They also provide customized earplugs and other hearing protection devices to prevent hearing loss. Audiologists are trained to examine peripheral vestibular disorders arising from inner ear pathologies and offer treatment for certain vestibular and balance disorders like Benign Paroxysmal Positional Vertigo (BPPV).
Audiology is a field that merges advanced technology and medical science to develop solutions for hearing or balance disorders. Audiologists are professionals who specialize in this field and are responsible for managing and rehabilitating hearing and balance disorders. They employ the latest technology and medical practices to diagnose and treat patients with hearing and balance issues. (4)
What Does an Audiologist Do?
Audiology involves a range of procedures that are performed to evaluate and manage hearing and balance disorders. Some of the procedures that are commonly performed by audiologists include:
- Pure-tone audiometry: Audiologists use a behavioral test called pure-tone audiometry to measure an individual's hearing sensitivity, which involves both the peripheral and central auditory systems. This test determines the softest sound that a person can hear at least 50% of the time and is known as the pure-tone threshold (PTTs).
- Speech audiometry: Speech audiometry is a type of hearing test that is used to evaluate an individual's ability to understand speech. During a speech audiometry test, a person listens to a recorded or live speech at various volume levels and then repeats back or identifies the words they hear. The test helps to identify any hearing loss or problems with speech discrimination that a person may be experiencing.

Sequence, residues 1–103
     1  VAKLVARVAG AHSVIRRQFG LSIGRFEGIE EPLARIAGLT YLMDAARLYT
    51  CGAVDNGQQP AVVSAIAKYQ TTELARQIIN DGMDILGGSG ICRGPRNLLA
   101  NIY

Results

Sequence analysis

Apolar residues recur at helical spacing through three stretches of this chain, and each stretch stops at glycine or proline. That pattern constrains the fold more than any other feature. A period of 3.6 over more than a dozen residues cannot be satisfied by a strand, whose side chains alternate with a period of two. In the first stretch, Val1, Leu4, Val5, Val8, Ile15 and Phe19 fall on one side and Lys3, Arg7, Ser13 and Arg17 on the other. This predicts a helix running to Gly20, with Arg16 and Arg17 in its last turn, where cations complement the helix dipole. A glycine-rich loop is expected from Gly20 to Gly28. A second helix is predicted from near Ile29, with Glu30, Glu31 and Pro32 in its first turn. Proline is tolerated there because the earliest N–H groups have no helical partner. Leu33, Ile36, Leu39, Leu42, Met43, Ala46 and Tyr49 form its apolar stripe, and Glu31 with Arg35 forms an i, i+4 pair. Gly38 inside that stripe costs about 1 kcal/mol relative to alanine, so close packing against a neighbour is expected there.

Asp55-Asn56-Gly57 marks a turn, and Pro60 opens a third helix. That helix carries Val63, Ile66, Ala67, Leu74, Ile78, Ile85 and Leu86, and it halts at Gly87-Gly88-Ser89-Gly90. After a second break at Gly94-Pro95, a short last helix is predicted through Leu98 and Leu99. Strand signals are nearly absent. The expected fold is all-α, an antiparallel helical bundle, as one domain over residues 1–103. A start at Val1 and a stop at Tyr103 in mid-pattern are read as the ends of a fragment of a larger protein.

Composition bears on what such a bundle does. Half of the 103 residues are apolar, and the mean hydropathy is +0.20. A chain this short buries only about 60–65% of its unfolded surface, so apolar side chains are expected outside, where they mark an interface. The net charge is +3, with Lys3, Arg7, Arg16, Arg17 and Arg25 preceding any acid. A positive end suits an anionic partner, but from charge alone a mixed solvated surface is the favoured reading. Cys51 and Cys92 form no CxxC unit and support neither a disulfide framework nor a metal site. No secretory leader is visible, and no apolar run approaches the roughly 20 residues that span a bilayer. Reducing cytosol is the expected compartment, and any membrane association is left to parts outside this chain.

- Otoacoustic emissions (OAE) testing: The otoacoustic emission test (OAE) is a type of hearing test that evaluates the function of hair cells in the inner ear by measuring the sound generated within the cochlea in response to stimulation. OAE testing is commonly used to screen infants and other special populations for hearing problems, as well as for other diagnostic purposes.
- Auditory brainstem response (ABR) testing: The auditory brainstem response (ABR) test is a painless and safe way to evaluate how the hearing nerves and brain respond to sounds. This test provides healthcare professionals with valuable information about potential hearing loss in individuals.
- Balance testing: These tests evaluate a person's ability to maintain balance and may include tests such as videonystagmography (VNG) or electronystagmography (ENG).
- Hearing aid fitting: The hearing aid fitting appointment typically takes an hour to complete. It usually starts with a sound test where the audiologist places a thin tube near your eardrum to measure your reaction to loud and soft sounds. After that, the hearing aid is fitted while the tube is still in place.
- Cochlear implant mapping: During the adjustment and programming process of a cochlear implant, patients usually require the assistance of a specialist in cochlear implants and an audiologist. This process is referred to as cochlear implant mapping, which involves creating programs (MAPs) to optimize the performance of the cochlear implant.
- Tinnitus management: Tinnitus management is the process of evaluating and treating the perception of sound in the ears or head that does not come from an external source. Tinnitus can be perceived as ringing, buzzing, hissing, or other sounds, and can be a persistent or occasional issue for individuals.
Overall, the procedures performed by audiologists are aimed at diagnosing and managing hearing and balance disorders to improve a person's quality of life. (5,6)